- Apply sunscreen thickly and thoroughly at least 30 minutes before sun exposure.
- Apply to all parts of your body exposed to the sun. Including your ears, back, shoulders, and back of the knees.
- Reapply it after swimming, exercising, or performing strenuous activities.
- Reapply it frequently when outside for long periods of time.
Summer Safety Tips for Kids and Seniors
Most vulnerable to summer and heat-related illnesses are our children and our senior citizens. The following tips will help you to keep them from harm’s way during the hottest months of the year:
Parked Cars – Never leave senior citizens or children in parked cars. On a 100 degree day, the internal temperature of a vehicle parked in the sun can rapidly rise to lethal temperatures of 130 to 170 degrees.
Hats and UV Protective Clothing – Broad-brimmed hats and clothing with a high UV protection factor work exceedingly well to protect sensitive skin from the sun’s UV rays.
The brim of the hat should be broad enough to cover the face, ears, and the back of the neck. And, even with the hat, apply sunscreen to the face, neck, and ears.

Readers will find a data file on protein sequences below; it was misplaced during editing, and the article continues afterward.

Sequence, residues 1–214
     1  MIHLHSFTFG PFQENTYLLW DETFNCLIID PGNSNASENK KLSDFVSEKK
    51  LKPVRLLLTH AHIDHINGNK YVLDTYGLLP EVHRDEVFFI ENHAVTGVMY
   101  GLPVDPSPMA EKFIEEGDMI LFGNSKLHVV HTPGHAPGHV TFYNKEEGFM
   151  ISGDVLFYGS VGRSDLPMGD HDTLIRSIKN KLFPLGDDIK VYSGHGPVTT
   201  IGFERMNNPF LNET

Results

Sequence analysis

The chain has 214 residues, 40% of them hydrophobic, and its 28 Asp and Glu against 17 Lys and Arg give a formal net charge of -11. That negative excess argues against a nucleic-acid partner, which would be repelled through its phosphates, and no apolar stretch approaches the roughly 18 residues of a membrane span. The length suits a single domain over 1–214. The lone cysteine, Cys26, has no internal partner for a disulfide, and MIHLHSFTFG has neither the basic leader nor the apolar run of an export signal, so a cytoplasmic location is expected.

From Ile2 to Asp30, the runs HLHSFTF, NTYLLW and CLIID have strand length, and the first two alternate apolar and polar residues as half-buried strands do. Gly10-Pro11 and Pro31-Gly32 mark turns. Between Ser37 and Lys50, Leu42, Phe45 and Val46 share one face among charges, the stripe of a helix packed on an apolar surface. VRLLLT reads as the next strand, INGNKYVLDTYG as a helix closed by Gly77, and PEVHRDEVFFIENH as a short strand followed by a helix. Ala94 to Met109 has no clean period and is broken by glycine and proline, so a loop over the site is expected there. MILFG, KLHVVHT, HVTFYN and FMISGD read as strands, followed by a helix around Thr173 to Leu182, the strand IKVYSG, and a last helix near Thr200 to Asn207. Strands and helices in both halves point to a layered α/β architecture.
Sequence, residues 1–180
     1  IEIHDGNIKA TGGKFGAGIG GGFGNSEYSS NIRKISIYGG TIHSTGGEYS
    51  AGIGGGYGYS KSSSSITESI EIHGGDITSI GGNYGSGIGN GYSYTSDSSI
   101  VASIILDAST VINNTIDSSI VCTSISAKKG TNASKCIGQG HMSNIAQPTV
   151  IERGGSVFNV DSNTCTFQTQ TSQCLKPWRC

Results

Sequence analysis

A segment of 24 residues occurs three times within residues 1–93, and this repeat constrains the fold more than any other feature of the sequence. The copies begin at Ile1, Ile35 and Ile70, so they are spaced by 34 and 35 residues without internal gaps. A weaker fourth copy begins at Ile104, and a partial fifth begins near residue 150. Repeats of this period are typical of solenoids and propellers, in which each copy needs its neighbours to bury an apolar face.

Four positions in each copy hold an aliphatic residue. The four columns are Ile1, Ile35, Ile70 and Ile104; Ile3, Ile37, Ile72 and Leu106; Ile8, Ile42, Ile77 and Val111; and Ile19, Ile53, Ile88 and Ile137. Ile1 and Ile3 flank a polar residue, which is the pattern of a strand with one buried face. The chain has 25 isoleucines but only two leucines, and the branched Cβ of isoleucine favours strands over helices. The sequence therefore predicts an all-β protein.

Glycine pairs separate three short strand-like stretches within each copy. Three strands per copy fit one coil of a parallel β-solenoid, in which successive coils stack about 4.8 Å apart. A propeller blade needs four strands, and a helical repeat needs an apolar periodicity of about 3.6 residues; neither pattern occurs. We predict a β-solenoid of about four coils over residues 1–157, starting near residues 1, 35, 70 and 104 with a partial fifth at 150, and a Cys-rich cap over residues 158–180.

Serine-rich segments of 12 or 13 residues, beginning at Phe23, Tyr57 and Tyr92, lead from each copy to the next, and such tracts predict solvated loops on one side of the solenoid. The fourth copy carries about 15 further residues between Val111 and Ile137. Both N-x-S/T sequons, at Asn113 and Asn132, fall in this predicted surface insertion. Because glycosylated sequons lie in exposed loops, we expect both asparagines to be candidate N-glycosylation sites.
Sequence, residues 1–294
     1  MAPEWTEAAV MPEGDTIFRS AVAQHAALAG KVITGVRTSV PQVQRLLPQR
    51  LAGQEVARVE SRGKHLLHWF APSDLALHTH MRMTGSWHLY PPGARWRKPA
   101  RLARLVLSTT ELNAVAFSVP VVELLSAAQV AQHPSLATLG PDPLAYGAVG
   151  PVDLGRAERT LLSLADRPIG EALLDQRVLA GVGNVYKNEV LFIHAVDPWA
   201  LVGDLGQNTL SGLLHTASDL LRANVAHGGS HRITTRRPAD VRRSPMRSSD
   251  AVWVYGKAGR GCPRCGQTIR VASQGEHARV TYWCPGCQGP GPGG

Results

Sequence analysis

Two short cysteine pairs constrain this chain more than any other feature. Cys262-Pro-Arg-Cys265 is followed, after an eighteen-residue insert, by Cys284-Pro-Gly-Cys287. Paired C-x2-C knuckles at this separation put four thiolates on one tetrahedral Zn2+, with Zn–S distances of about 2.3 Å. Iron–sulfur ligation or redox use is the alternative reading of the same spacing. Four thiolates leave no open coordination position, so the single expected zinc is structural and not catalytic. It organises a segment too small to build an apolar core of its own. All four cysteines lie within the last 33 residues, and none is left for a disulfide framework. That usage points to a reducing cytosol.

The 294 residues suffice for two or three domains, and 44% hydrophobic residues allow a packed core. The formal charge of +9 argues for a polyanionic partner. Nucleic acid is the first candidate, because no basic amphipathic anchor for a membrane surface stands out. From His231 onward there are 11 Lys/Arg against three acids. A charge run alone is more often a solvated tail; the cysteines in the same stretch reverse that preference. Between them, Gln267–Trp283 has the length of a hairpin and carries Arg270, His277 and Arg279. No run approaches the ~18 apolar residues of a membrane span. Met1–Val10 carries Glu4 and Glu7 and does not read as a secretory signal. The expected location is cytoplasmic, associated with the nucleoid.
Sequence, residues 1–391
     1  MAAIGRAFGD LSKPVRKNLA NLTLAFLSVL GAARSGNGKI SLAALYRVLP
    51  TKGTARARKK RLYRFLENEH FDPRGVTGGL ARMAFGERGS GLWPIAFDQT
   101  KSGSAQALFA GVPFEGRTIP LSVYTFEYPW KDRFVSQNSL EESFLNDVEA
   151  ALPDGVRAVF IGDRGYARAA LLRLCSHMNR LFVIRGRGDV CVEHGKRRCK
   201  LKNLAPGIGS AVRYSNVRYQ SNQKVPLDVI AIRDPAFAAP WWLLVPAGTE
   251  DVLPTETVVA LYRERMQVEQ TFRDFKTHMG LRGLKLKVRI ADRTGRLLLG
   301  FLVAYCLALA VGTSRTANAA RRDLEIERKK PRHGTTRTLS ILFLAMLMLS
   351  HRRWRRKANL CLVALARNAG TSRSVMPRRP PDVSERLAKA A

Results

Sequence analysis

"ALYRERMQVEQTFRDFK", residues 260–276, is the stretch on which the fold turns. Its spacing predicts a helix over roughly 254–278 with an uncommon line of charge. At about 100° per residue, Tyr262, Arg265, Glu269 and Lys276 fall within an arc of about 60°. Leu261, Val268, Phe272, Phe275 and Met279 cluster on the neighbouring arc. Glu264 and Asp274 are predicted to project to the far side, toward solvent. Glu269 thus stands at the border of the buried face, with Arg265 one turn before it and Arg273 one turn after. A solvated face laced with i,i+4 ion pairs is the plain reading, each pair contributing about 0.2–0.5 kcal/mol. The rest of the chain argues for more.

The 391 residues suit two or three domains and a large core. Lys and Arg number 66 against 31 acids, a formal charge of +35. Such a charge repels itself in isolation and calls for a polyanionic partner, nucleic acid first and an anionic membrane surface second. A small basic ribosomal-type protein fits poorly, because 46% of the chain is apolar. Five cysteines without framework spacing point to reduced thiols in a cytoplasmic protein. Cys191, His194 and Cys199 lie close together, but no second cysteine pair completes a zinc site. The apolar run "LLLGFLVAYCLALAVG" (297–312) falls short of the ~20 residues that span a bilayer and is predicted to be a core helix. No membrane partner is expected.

Sunscreen – Use a broad-spectrum SPF 30 or higher sunscreen containing zinc oxide or titanium dioxide which block the sun’s UV rays.
Reapply sunscreen immediately after leaving the water. Always protect ears, nose, lips, front and back of legs, and feet even when it is cloudy.
Know Where to Go – In the event of a power outage during a heatwave, both kids and seniors should relocate to an air-conditioned location like a mall, library, theater, or restaurant. Staying in the home as the heat rises could prove harmful or even deadly.
Specifically for Seniors – Due to illnesses or medication, a senior may not be aware that they are feeling hot or dehydrated. Likewise, most seniors live on a strict budget and will hesitate to run their AC for extended periods of time.
As family, friends, and neighbors, it is essential to be vigilant of the health and wellness of each other. Make sure our seniors stay out of harm’s way by checking in on them from time to time – reminding them to keep cool.
Watch this video to learn how to keep seniors safe from heatstroke.
Beat the Heat for a Healthy Summer
Summer health is a question of protecting your skin, hydrating your body, and keeping your body temperature regulated.
Not everyone is successful at keeping cool. If someone is displaying the warning signs of a heat stroke, your immediate response may save their life.
Signs of a heat stroke include hot red skin, fast pulse, headache, dizziness, confusion, and loss of consciousness. In these cases, immediately do the following:
- Call 9-1-1, this is a medical emergency.
- Do not allow the person to consume any food or drink.
- Move the person to a cooler place.
- Lower the person’s temperature using wet cloths or a cool bath.
- Stay with the person until assistance arrives.